Parkinson's Disease and me

My blog about my experience with Parkinson's Disease

Carson’s palsy

on January 1, 2016


Along with millions of other people worldwide this Christmas I watched the final episode of Downton Abbey on TV. I was intrigued to see that the butler, Mr. Carson, had to end his career through what looked very much like the onset of Parkinson’s Disease. His hand shook so much he could no longer pour the wine without spilling it. When questioned about the problem he said he knew that it was “the palsy” and that his father and grandfather had both had it too.

I thought there would be lots of mention of this in the Parkinson’s news as Downton has been such a worldwide hit but I found very little mention. It always seems to raise the profile of the disease when it affects someone well known. So I did a little research on the internet which revealed that Carson probably had an Essential Tremor rather than Parkinson’s. It seems the Downton creator, Julian Fellowes is also suffering from the condition Essential Tremor and initially he feared it was the start of Parkinson’s Disease. Medical experts say the condition, often abbreviated to ET, affects around four out of 100 adults aged over 40. There is no cure for the tremors, which may become so severe that the whole body shakes. I learned that the tremor is an action tremor whereas Parkinson’s is a resting tremor. Lord Julian Fellowes has since committed to helping other sufferers by becoming president of the National Tremor Foundation.

Perhaps Mr Carson’s problem will in some way help raise the profile and funding of neurological disorders in general in the coming year.

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9 responses to “Carson’s palsy

  1. Jellywoman says:

    We too thought, as soon as a tremor was mentioned, that it would be PD. Don’t you find that since being diagnosed, it comes us everywhere! And often at its very bleakest. But it wasn’t really a Parkie tremor, was it? More side to side than a rolling one.

    My grandad used to have ET, we reckon, and my dad now has a bit of a tremor. Dad says my grandad’s brother used to clear up at the snooker hall because, despite the tremor, Grandad was nifty on the cue. His brother used to pretend not to know him, then encourage others to bet against him. They’d look at the tremor and take the bet. And lose.

    Happy New Year to you. May ’16! leave us as it finds us.

  2. elspethmck says:

    Happy New Year, I too thought Carson had Parkinson’s in that last episode. It was interesting to read what you had found out. I have a friend with ET which other family members have as well.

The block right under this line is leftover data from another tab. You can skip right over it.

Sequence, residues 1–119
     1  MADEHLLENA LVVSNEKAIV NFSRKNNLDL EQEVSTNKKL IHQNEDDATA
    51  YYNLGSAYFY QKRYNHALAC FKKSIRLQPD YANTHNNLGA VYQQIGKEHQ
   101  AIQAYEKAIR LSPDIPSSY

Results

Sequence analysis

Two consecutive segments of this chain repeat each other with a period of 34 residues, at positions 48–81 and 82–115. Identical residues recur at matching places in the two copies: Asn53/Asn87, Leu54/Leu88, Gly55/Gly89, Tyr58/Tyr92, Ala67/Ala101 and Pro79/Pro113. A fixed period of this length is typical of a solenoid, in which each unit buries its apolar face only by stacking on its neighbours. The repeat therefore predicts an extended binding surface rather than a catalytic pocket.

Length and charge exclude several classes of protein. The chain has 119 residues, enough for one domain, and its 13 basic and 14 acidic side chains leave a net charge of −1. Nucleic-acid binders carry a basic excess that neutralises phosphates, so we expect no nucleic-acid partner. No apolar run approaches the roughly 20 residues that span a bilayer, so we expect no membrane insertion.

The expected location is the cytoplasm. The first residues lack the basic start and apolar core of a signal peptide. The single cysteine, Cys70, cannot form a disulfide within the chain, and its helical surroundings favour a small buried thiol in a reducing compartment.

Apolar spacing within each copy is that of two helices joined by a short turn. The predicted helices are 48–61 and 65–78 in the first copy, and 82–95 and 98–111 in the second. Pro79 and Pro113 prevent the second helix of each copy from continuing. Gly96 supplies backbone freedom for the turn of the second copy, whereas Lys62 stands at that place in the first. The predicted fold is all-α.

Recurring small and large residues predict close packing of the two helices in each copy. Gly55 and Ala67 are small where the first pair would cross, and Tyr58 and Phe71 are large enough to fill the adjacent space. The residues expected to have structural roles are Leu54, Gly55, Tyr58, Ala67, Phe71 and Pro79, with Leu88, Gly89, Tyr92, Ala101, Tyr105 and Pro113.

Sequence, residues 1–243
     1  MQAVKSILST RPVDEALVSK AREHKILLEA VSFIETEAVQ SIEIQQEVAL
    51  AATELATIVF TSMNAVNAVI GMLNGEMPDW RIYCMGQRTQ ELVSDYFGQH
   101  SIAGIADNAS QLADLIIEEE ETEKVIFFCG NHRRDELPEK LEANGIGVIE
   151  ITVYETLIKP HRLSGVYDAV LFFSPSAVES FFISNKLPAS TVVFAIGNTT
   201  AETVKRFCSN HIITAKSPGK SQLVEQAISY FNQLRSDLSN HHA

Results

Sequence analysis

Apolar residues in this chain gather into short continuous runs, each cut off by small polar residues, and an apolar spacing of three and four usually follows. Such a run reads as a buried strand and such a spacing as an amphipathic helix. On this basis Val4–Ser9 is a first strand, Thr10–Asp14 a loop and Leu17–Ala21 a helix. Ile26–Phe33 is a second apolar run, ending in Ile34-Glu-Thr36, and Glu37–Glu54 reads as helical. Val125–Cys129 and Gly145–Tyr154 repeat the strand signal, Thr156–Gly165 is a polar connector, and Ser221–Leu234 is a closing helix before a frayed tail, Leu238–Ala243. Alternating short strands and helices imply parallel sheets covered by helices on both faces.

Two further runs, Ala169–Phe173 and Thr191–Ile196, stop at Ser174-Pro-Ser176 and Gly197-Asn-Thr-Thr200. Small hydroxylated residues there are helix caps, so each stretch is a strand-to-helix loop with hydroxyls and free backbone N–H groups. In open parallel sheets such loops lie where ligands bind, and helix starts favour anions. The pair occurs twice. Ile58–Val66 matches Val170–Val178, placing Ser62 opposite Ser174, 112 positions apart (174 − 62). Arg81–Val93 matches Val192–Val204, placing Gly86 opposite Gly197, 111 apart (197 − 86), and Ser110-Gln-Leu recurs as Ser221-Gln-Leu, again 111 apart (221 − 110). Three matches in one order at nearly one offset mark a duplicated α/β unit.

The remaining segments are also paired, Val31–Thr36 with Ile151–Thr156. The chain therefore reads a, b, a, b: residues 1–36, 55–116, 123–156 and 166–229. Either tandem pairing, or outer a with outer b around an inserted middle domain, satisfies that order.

3. stacey says:

    I am under the impression that he has Huntington’s. Mentioning that his father and grandfather both had it sounds like it’s a genetically passed disease. And looking up ET it looks like that is genetically passed too. Very interesting! Since Julian is familiar with that, my guess is you’re right. Parkinson’s is only genetically passed in about 15% of cases, whereas something like Huntington’s it’s 100% and according to my little google search ET is usually passed genetically, but they haven’t found the genetic marker that causes it yet.

  4. It doesn’t make any difference to me whether Carson had Parkinson’s, ET, or something else. I have Parkinson’s, and it irked me that Carson had to give up his job just because he couldn’t pour a bottle of champagne. His job involved much more than that – he was managing a huge household, with a great number of important visitors, an extensive household staff, and a gazillion square feet of castle. His mind still seemed OK, and it was a repository for so much information about how to run the household, how to deal with daily albeit minor crises. It seemed to me ridiculous and cruel that he couldn’t continue to work – even if it was his decision. And his stepping down from his job ran counter to a major theme of the series, which was the expansion of opportunity for many (most?) of the characters. Many of the female characters were getting interesting jobs; one of the male household staff became a teacher; class barriers were breaking down. It was not a happy ending for me. Furthermore, I now envision Carson sitting at home all day and quickly losing his mind and throwing in the towel.

    BTW I like your website.

    • aquarius331 says:

      Interesting comment. My own first reaction was that anything that raises the profile of Parrkinson’s helps. Julian Fellowes, himself, doesn’t seem to have slowed down despite him own palsy. His Dr Thorne is currently on ITV. I read that he is creating The Gilded Age, which will be essentially an American Downton Abbey and Belgravia. The latter is not a new television series, but rather a serialised novel, distributed via an app in installments the way Dickens’ novels use to be shared with the public.

      Thanks for comment re my blog!

  5. Monica Baxter says:

    I have essential tremor; I’ve had it since birth, although it is getting worse as I age. I am fifty-
    eight. I found the character of Carson developing essential tremor very interesting and considering the time period (1920s), I think the family treated Carson well.

    Essential tremor can be maddening and challenging, but it is NOT Parkinson’s Disease. Both conditions require much more research. By the way, Katharine Hepburn had essential tremor.

  6. Carol Vasecka says:

    My mother suffered from what was called “essential tremor”, but did prove to be Parkinson’s after about 8 years. By that time, medication was no help. Be warned, its not always just “essential tremor”! Get checked!!!

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